At EDSI, we are constantly thinking about how to help our clients and colleagues increase personal effectiveness and improve their professional presence. We also work on helping leaders communicate to manage performance. In all of those areas, one of the common themes that comes up is time management, and how to manage competing priorities, demands, and the countless distractions we are faced with every day.
According to a recent Harvard Business Review article by Amy Gallo, the most impactful change you can make is to say no to meeting invites and check your email less often. That may sound impossible. After all, if you were invited to a meeting, you are obligated to attend, right? Maybe not. Read on to learn how you can reboot how you manage your personal and professional life.
Prioritize work over availability
Are you filtering your time effectively? If you are focused on being available more than getting work done, you probably fall into this category. Think less about people’s feelings and more about your goals and completing your work.
Communicate your plans
Let colleagues and team members know that you won’t be checking email as often and you plan to attend only meetings where your attendance is absolutely necessary. This will preserve your relationships and help others transition to your new time management priorities.
Exit the craziness
You will be surprised by how receptive others are to your new plan. If you tell them that you’ll only be checking email once or twice a day, you’ll probably find them envious more than anything. You are willing to step out of the craziness of constant distraction and multitasking in order to concentrate on productivity and effectiveness.
Make clear what you’re doing and why Gallo says, “Once you’ve decided on a time-management approach, share your reasoning with your colleagues. For example, if you want to decline meeting invites, Saunders suggests you explain why — you’re working on another big initiative, other members of your team are already attending, you aren’t currently focused on that area, and so on. Or if you’re blocking out time on your calendar to concentrate on an important project, send an email to your colleagues explaining why you won’t be available. These sorts of techniques allow you to respect others’ needs and save you time.”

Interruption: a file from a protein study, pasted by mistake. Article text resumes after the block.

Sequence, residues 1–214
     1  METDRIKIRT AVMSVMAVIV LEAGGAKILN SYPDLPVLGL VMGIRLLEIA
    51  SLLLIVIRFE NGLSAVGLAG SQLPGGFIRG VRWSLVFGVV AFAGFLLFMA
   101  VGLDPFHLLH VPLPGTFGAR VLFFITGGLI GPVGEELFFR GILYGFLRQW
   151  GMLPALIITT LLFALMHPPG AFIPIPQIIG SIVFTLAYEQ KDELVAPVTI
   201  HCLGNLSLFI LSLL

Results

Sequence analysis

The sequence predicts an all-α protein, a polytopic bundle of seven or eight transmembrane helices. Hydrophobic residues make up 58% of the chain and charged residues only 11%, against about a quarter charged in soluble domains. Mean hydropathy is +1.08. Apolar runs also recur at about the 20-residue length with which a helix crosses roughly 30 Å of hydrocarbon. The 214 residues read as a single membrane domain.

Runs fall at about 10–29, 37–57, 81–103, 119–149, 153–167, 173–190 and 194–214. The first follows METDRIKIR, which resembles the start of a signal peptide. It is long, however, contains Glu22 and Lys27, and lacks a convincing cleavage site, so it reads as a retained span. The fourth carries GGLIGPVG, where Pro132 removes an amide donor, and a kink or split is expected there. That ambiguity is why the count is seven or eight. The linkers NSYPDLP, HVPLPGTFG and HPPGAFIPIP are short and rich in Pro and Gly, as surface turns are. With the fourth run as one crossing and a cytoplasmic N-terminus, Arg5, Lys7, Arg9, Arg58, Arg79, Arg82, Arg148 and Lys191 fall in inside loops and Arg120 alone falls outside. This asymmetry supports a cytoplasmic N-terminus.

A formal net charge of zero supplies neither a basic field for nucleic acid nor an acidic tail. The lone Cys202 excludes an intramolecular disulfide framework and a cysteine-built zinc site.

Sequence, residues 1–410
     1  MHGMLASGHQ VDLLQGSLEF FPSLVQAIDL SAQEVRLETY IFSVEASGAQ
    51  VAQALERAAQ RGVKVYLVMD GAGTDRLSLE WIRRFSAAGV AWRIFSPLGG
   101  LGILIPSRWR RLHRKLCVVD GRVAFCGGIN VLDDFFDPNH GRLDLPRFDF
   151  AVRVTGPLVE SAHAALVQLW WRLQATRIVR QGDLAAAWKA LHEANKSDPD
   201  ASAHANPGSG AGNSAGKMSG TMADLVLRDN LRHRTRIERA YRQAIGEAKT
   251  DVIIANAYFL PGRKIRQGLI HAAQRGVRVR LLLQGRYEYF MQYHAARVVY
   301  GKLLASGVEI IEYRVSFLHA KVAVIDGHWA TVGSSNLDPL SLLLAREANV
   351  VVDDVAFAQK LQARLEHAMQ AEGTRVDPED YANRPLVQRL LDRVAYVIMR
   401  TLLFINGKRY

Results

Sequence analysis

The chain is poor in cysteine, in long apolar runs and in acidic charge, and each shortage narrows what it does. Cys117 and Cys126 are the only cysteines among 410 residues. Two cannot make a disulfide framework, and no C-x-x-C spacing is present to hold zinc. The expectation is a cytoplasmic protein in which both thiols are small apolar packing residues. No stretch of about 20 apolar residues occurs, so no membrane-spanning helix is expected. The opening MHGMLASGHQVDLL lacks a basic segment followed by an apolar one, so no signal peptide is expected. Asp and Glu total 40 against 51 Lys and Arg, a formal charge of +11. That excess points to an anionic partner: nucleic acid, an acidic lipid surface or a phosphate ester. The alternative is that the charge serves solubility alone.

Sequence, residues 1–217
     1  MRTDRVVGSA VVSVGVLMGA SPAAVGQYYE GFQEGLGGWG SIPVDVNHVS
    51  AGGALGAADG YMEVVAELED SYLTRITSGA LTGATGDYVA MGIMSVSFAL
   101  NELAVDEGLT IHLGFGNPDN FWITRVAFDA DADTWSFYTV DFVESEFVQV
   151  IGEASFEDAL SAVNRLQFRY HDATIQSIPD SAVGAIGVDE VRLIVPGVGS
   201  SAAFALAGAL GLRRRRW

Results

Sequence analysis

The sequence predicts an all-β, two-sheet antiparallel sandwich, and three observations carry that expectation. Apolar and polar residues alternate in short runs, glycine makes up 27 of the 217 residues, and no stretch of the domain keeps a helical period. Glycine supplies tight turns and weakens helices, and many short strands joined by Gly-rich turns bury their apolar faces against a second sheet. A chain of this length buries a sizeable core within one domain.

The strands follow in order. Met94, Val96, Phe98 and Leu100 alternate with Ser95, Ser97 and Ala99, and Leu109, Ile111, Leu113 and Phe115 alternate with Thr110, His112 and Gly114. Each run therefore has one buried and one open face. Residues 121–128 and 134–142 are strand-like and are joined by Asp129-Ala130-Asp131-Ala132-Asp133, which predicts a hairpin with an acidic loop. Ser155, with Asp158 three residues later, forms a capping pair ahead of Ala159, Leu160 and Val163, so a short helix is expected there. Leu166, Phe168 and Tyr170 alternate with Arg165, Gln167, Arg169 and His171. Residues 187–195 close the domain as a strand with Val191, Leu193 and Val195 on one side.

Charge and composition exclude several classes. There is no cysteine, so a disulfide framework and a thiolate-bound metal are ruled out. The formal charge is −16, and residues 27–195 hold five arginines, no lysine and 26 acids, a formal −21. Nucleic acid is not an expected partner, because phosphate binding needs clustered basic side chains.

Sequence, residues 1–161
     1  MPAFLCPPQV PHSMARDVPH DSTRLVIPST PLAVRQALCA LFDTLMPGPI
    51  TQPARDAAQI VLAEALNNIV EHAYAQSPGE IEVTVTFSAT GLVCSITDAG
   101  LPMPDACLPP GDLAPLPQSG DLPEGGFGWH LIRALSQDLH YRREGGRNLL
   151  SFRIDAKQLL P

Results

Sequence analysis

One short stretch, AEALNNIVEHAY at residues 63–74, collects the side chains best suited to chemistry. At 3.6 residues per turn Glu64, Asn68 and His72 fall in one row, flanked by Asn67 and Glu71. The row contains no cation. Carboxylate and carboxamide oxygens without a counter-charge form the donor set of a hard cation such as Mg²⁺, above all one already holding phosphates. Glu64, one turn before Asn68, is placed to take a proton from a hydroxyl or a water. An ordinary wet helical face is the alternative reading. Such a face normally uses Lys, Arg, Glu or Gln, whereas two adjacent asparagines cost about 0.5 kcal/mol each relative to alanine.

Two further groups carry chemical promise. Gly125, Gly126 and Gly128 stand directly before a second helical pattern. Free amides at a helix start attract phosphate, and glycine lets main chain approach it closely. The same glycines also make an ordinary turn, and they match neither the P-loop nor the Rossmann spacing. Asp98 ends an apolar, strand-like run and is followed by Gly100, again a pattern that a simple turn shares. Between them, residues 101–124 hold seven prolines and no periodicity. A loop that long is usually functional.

Shift peoples’ expectations of you
You may have to retrain your colleagues on how to interact with you. Greg McKeown, author of Essentialism: The Disciplined Pursuit of Less, made a commitment to working for 6 uninterrupted hours per day on writing his book, until it was finished. What could you accomplish if you carved out that kind of time to accomplish your goals? According to Gallo, “When you change it up, make sure to tell everyone — key clients, your immediate team, your boss — how and when they can now expect to reach and hear from you.” You may find that an email autoresponder works well, to help people relearn how to interact with you. Simply let them know that you check email once every 24 hours (or whatever schedule you have created), and that if they have an emergency, they can call or text you.
Principles to Remember
Explain to others how and why you’re changing your behaviors
Propose several techniques to see which will work best for you and your coworkers
Become an evangelist for better time management on your team
Assume that you’re better at your job if you’re constantly available
Take a unilateral approach — involve others in your decisions
Try to implement a new technique during an especially busy time or when you’re not in peoples’ good graces
Now go out and hit the reset button on your time management. We are all given the same amount of time in each day. What will you do to make the most impact with the time you have?
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